rum jungle

Northern Australia

Fire up the Cape


In 2009, over 6 million hectares of Cape York burnt. In comparison, Victoria’s black Saturday fires burnt 500,000 hectares. Across northern Australia, fires can occur at any time of year, but they are most widespread and at their most intense from September to December – late in the dry season.

Fire intensity is now recognised as playing 
a key role in either the survival or extinction
 of many native wildlife species, particularly mammals, across vast areas of northern Australia, fires that burn too hot and at the wrong time of year 
and across too much country are having a devastating effect on many populations of endangered species. Combined with the pressures of pest plant and animals, northern Australia’s ecosystems are in decline.

Northern Australia’s Indigenous population 
are well placed to play a central role in addressing the decline of ecosystem health. Through the application of traditional knowledge and a return to cultural land management practices Traditional owners are re-asserting more appropriate fire regimes.


In August this year, the Chuulangun Aboriginal Corporation, in partnership with Traditional Knowledge Revival Pathways (TKRP) hosted an Indigenous fire workshop to highlight the benefits of traditional burning. Held on the banks of the Wenlock River in the Kaanju Ngaachi Indigenous Protected Area, senior Northern Kaanju Traditional owners led four days of workshops and discussions on traditional burning practices.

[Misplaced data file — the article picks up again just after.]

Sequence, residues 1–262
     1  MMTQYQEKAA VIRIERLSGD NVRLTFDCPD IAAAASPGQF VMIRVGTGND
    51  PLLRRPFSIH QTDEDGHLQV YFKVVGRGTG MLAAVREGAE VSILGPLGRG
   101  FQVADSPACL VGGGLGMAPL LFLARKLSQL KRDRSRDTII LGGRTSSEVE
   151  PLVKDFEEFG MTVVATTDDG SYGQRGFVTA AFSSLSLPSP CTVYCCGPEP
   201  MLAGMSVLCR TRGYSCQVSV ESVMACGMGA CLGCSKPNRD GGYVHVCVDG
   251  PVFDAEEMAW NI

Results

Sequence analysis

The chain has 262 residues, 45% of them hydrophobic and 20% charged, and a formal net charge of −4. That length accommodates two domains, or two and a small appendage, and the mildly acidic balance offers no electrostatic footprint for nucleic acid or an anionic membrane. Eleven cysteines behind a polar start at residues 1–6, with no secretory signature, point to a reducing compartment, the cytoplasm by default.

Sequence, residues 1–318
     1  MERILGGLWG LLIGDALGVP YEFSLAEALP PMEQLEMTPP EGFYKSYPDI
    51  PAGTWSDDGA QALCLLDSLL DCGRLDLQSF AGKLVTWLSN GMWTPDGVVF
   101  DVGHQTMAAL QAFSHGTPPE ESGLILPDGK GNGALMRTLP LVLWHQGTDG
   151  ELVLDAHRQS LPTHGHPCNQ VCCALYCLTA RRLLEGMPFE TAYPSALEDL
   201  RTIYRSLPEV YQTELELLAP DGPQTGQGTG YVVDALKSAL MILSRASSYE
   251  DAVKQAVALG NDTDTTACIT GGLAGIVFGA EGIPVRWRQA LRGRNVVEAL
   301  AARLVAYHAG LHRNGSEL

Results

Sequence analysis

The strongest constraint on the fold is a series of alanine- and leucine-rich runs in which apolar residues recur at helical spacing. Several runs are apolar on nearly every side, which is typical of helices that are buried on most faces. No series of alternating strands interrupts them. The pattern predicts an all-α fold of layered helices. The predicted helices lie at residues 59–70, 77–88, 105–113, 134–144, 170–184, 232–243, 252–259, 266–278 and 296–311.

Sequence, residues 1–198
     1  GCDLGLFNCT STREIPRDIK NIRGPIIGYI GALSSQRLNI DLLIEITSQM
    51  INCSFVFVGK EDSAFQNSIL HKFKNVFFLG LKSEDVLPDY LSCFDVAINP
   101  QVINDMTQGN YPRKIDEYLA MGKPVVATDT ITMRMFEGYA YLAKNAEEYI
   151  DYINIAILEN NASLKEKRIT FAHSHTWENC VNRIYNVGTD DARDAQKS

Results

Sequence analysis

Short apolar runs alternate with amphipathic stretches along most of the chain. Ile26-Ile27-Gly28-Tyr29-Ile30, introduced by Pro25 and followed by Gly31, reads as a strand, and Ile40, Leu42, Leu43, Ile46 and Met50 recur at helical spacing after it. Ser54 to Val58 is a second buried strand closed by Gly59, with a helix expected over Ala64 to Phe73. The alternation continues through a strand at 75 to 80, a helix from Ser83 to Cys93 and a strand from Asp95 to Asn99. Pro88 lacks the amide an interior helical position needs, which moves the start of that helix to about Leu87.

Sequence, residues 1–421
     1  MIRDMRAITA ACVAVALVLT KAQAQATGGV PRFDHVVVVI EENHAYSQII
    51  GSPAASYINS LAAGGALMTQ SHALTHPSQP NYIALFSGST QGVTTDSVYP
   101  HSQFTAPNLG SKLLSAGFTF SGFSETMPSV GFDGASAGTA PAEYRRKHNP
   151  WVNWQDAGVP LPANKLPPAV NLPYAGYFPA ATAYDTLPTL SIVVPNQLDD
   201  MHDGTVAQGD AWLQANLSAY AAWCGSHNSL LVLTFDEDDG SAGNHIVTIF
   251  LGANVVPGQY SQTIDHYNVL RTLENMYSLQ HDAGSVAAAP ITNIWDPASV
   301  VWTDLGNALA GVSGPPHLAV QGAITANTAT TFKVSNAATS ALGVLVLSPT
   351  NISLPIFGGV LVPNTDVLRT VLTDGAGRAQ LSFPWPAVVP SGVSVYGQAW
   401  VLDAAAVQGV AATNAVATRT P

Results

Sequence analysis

This was complemented with workshops on traditional knowledge recording techniques, using contemporary science to quantify
the impacts of fire management on vegetation, and mapping and monitoring techniques.

A central message from the workshop was that traditional burning, done early, in mosaic, maintains ecosystem health. Under these conditions fire rarely climbs trees, passes quickly through the grassy understorey and doesn’t eliminate understorey shrubs or destroy food resources or habitat.

The four day workshop was attended by over 80 people involved in land management from around Australia including rangers, fire services, lawyers, scientists, land holders, government and non government organisations.


Workshop participants get a first hand and up close experience of a cool burn.

Originally published in Ecotone (Vol 30 No. 3)


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This entry was posted on November 16, 2013 by in Uncategorized.
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